(Credit: yod67/Shutterstock) Can we predict the course evolution will take? That's the question an international team of researchers decided to tackle, using a quarter-century of stick insect observations. Comparing the first half of the data set to the latter half, they set out to see if they could forecast the path of natural selection.
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As it turns out, it's really hard. The researchers were able to predict some simple evolutionary changes, but the rest were subject to forces they couldn't account for. Mother nature is still too complex for us to truly foretell the future. The researchers were using a dataset that stretched back 25 years — an impressively long time period for a study of a single insect. Since the early 90s, one of the study authors and another researcher routinely ventured into the California mountains with nets and captured more than 34,000 stick insects. They found that the insects could be roughly divided into three categories, based on how they looked: Green with a stripe down their backs, green with no stripe, or brown. The variations relate to the kind of plants the insects chose to hide on. One species is more predominantly white, while the other is more green. The insects camouflage themselves accordingly, and the brown insects are colored to hide out on plant stems. The dominant coloration among the stick insects changes, though, and the researchers used this fluctuation to try and predict which pattern would be more prevalent in a given year. With the first decade or so of stick insect data as a guide, they attempted to guess what colors would show up in the next few years. They published their work recently in the journal Science. They were actually successful — to a degree. The researchers were quite good at predicting when the green striped insects or the unstriped green stick insects would dominate over the other. For the next three to five years, they say, they could predict the coloration changes with 90 percent accuracy, and that dropped only to 80 percent by the time a decade had elapsed.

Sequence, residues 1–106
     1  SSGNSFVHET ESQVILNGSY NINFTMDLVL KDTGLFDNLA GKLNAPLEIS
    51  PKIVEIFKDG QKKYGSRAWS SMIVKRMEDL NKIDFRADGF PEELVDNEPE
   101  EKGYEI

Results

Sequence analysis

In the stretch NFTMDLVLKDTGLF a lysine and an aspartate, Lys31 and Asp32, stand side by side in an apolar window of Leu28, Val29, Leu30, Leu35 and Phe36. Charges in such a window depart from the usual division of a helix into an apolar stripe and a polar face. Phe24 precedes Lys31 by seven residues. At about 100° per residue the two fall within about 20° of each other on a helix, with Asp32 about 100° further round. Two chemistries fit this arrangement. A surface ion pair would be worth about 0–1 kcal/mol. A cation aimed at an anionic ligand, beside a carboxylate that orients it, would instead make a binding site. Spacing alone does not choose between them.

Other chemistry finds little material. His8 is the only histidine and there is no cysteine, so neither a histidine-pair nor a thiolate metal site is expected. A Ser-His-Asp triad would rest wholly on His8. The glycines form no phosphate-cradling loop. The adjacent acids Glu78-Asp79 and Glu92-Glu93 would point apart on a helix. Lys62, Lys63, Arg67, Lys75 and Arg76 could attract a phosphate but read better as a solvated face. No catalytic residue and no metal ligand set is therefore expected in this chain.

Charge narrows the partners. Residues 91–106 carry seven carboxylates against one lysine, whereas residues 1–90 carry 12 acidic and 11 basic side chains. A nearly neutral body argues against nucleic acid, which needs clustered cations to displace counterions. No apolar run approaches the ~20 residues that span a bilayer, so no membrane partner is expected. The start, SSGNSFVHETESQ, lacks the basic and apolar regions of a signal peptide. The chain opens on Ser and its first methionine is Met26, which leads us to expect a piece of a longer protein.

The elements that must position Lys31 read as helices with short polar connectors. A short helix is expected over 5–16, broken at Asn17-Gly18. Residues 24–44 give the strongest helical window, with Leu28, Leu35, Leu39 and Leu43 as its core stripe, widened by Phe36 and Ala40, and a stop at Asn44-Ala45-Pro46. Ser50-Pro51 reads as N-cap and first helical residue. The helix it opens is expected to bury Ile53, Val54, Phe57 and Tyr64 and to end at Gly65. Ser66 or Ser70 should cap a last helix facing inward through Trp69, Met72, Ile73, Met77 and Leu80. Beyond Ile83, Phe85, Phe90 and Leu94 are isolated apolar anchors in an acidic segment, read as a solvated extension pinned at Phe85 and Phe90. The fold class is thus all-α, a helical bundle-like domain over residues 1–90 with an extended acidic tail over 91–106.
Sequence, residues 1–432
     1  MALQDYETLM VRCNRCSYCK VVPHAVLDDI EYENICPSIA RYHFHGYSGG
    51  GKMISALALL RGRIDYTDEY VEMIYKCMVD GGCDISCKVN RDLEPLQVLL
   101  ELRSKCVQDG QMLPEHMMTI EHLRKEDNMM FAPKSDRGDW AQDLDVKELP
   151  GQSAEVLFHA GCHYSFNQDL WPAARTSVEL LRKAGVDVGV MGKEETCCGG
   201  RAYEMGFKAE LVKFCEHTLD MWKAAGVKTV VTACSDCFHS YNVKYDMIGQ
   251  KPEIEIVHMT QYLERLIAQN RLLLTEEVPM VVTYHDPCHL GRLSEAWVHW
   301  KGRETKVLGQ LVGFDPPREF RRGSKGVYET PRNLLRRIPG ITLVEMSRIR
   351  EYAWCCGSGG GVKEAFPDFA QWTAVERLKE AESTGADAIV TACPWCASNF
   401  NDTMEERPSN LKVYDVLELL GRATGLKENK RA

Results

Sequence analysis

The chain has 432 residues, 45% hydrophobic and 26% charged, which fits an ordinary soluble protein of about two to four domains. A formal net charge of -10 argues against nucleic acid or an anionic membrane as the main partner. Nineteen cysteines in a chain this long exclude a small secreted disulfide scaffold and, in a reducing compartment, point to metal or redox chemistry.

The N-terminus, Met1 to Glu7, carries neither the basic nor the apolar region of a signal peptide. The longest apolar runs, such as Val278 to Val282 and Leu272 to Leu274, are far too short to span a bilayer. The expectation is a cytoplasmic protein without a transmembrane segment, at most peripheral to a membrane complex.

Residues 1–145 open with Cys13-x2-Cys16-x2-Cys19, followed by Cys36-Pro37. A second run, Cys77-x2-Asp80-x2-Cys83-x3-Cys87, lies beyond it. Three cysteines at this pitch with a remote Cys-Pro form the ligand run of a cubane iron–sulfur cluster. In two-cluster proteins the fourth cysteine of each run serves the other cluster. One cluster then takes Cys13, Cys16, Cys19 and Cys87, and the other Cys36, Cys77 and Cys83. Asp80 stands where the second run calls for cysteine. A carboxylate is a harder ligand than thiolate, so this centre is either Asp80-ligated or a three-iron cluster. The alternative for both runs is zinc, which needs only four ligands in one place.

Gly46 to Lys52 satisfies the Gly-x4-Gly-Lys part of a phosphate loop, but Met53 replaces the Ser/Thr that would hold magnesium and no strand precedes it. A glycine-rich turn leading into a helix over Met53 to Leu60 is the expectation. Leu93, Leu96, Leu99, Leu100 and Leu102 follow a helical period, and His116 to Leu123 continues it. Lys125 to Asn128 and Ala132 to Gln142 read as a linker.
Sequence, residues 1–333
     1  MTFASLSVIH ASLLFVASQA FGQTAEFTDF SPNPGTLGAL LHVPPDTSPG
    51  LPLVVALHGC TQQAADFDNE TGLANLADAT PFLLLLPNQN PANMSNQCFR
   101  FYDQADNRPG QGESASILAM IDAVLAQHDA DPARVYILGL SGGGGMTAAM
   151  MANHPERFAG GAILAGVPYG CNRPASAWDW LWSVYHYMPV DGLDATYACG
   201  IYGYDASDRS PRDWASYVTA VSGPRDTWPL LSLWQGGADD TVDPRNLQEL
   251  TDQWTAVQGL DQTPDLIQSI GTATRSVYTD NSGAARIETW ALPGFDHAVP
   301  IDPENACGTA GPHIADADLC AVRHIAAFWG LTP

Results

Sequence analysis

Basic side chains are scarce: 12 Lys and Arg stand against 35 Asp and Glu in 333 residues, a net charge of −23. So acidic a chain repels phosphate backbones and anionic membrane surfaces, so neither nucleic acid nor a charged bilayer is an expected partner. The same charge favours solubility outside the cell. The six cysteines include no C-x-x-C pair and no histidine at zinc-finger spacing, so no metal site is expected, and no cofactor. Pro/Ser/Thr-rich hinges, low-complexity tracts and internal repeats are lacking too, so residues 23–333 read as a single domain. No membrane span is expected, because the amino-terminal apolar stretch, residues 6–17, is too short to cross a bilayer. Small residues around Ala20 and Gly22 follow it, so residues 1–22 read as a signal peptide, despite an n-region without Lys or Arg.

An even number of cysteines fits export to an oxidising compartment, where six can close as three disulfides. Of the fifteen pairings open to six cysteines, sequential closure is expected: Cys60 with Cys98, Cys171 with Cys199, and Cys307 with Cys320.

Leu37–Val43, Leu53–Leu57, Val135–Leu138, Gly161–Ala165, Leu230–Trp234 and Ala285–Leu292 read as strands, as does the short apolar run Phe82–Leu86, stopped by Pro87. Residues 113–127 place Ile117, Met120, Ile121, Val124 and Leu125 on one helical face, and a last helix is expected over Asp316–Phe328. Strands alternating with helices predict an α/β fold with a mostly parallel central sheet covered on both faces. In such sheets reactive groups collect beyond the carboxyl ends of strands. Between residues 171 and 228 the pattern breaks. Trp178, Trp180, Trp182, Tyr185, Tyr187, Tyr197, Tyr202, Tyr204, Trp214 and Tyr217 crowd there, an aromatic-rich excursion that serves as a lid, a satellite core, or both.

When it came to the brown stick insects, though, the researchers had little luck. Their color forecasts weren't of much use. They think it comes down to the environment. Changes in the color patterns of the green insects are driven by a simple and easily-predictable model called frequency-dependent selection. Basically, it holds that traits can either grow more useful or more dangerous as they become more widespread in a population. For the stick insects, being the same color as most of your friends is bad, because predators learn to recognize what you look like, and can catch you more easily. The researchers observed a cyclical tradeoff between striped and unstriped insects — as one became more popular, it would also become more dangerous. It's a kind of balancing mechanism. But for the brown stick insects, it seems that there are many more variables at play. While frequency-dependent selection doesn't seem to play a role, there are many other possibilities. The brown insects are more common in warm years, even though they have a lower heat tolerance. They also have fewer fungal infections and greater success at mating. These are all variables that could favor or disfavor the brown stick insects, depending on the environmental conditions. And predicting exactly how the Earth will change is far beyond our abilities at the moment. The researchers conclude that the intrinsic complexity of the Earth's interconnecting physical systems makes predicting most evolutionary changes far too difficult. Their conclusions are backed up by other studies of evolution, such as in Darwin's finches, or the peppered moth. Scientists had little success guessing how those animals would adapt. Evolution may not be random, but that doesn't mean it's predictable.